Menopause: Yoga Asanas To Follow During Perimenopause
Keep reading as we share which yoga asanas can help manage perimenopause.
Yoga helps manage perimenopause but improving your physical as well as mental health
Menopause is a natural biological process experienced by women, usually occurring between the ages of 45 to 55, marking the end of their reproductive years. During menopause, a woman's ovaries stop releasing eggs, and hormone levels (specifically estrogen and progesterone) decrease.
Perimenopause, on the other hand, refers to the transitional phase leading up to menopause. It usually starts several years before menopause, but the exact duration varies for each woman. During perimenopause, hormone levels begin to fluctuate unpredictably, often resulting in various symptoms such as irregular menstrual cycles, hot flashes, mood swings, sleep disturbances, vaginal dryness, and changes in libido.
Yoga can indeed be helpful in managing perimenopause symptoms. While it may not directly address hormonal changes, yoga offers multiple benefits for physical and mental well-being, which can alleviate some of the discomfort associated with perimenopause. Read on as we share which yoga asanas can help manage perimenopause.
5 Yoga asanas to practice during perimenopause:
1. Adho Mukha Svanasana
- Lay flat on the ground facing the floor
- Slowly lift your torso and form a mountain-like structure with your body
- Your palms need to be farther apart and reaching outwards (in comparison to your shoulders)
- On the other hand, your feet need to be placed next to each other
- At this point, the only body parts touching the ground should be your palms and feet
- Your face needs to be facing inwards and downwards, at the same angle as the arms
- Your body must form a triangle (your hands, hips, and feet being the corners)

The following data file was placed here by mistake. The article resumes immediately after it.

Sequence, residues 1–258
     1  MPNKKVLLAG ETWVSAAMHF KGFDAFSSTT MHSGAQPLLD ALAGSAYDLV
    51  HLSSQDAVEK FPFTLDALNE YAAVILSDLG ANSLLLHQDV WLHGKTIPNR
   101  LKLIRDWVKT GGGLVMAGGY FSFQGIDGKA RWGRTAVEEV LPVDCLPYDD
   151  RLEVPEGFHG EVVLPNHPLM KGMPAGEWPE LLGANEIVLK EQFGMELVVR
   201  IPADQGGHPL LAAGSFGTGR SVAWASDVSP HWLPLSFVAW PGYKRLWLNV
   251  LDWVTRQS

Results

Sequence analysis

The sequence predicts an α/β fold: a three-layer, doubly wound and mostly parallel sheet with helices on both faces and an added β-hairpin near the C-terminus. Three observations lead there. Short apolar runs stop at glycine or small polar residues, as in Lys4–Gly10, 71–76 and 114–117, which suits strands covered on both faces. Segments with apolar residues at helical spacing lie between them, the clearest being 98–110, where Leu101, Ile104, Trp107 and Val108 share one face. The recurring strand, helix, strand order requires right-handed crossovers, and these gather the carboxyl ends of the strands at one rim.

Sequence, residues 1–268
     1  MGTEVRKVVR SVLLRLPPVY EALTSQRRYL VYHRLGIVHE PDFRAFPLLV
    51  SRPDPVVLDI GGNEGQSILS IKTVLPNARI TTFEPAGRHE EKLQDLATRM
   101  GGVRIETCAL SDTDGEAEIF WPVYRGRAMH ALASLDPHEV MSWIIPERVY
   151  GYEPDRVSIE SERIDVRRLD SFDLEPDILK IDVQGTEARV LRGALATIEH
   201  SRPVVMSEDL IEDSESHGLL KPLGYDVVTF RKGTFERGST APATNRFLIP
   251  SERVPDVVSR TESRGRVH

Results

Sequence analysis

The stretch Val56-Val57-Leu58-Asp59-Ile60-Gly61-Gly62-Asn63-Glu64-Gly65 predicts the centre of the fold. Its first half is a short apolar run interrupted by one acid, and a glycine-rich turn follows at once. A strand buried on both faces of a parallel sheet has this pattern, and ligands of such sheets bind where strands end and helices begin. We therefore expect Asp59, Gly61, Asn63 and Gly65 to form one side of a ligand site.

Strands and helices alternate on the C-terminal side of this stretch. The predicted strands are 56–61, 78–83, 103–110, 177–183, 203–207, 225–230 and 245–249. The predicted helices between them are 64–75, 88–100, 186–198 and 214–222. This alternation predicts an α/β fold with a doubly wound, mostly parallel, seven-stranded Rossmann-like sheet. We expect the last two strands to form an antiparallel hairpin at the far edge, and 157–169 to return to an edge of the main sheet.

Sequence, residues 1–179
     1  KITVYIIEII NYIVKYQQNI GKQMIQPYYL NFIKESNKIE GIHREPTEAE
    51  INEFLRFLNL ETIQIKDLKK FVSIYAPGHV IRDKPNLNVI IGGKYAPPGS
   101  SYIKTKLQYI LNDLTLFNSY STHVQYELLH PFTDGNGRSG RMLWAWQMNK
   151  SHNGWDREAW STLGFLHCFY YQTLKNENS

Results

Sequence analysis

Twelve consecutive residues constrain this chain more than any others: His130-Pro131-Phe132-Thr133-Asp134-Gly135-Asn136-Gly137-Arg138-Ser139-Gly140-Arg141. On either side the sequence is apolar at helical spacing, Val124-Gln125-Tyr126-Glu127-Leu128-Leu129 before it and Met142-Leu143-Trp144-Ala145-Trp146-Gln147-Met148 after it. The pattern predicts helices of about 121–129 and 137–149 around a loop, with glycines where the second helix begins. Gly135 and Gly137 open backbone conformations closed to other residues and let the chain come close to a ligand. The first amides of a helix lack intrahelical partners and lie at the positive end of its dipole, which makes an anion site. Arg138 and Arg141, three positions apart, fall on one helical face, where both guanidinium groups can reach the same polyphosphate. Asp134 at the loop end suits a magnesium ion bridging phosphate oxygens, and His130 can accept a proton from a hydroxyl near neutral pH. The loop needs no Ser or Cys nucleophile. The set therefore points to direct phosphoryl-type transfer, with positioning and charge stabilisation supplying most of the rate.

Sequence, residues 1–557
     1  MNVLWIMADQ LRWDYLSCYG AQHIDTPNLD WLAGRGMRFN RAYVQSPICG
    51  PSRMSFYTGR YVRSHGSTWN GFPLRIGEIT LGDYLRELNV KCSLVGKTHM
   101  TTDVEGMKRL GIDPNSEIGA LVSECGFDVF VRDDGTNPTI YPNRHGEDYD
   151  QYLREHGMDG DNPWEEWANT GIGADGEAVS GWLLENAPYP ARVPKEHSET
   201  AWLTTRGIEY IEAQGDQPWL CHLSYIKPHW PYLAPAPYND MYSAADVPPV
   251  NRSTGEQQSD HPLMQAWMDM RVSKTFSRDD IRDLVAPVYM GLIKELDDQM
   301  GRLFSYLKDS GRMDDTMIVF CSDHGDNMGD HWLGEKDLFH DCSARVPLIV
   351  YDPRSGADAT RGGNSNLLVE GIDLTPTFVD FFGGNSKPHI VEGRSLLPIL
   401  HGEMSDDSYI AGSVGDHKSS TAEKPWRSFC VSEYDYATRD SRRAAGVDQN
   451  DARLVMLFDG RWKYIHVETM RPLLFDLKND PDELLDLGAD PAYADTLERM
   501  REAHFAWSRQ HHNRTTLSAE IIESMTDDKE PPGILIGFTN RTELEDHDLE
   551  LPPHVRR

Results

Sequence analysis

- Hold this position for a few seconds and repeat 10 times at least
- Stand straight
- Now, slowly bend forward
- The goal is to place your palms on the floor (folding your body in half)
- Touching your toes may also be enough if you are unable to bend far enough. As discussed above, this position can be modified. Hence, taking your hands as far toward the floor as they can is adequate and helpful.
- At this point, your face is supposed to be facing your legs, the top of your head facing the floor
- Repeat this a few times in small intervals
- Sit straight in your legs straight in front of you
- In this position, your feet's soles should be facing front
- Slowly bring your torso closer to your legs and as far as possible
- You can use your hands to hold your feet, this may increase how far you can reach
- In this position, your stomach and chest are supposed to be touching your thighs
- Your face can be facing the front or towards the legs, whichever may be comfortable
- Hold this position for 10-20 seconds and sit back up
- You can repeat it a few times based on your convenience
- In this pose, you require to hold your legs above your head
- To do so, traditionally, you lay on your back and lift your legs above the ground at a 90-degree angle
- You further, use your arms to push your legs to lift further
- At this point, the only body parts touching the ground are your head, arms (from shoulder to elbows), and upper back
- Your toes are supposed to be facing the sky
- However, being able to do this asana comfortably takes time and practice. Hence, you can try using the support of a wall to rest your legs at a 90 degrees angle
- To better perform this asana as a beginner, you can place 1-2 pillows under your lower back to further elevate the body with exterior support
- Get on your knees and hands (How you would imitate a four-legged animal)
- Lift your back upwards, forming a mountain-like structure
- While you do that, make sure you push your face inwards, looking at your own torso
- Now, push your back inwards, forming a 'U' position with your back
- While you do that, look toward the ceiling
- Repeat mountain motion with face inwards and then ‘U' structure with face upwards for a minute
It's important to note that while yoga can offer relief, perimenopause symptoms vary, and consulting with a healthcare professional is essential to explore comprehensive management options.
Disclaimer: This content including advice provides generic information only. It is in no way a substitute for a qualified medical opinion. Always consult a specialist or your own doctor for more information. NDTV does not claim responsibility for this information.
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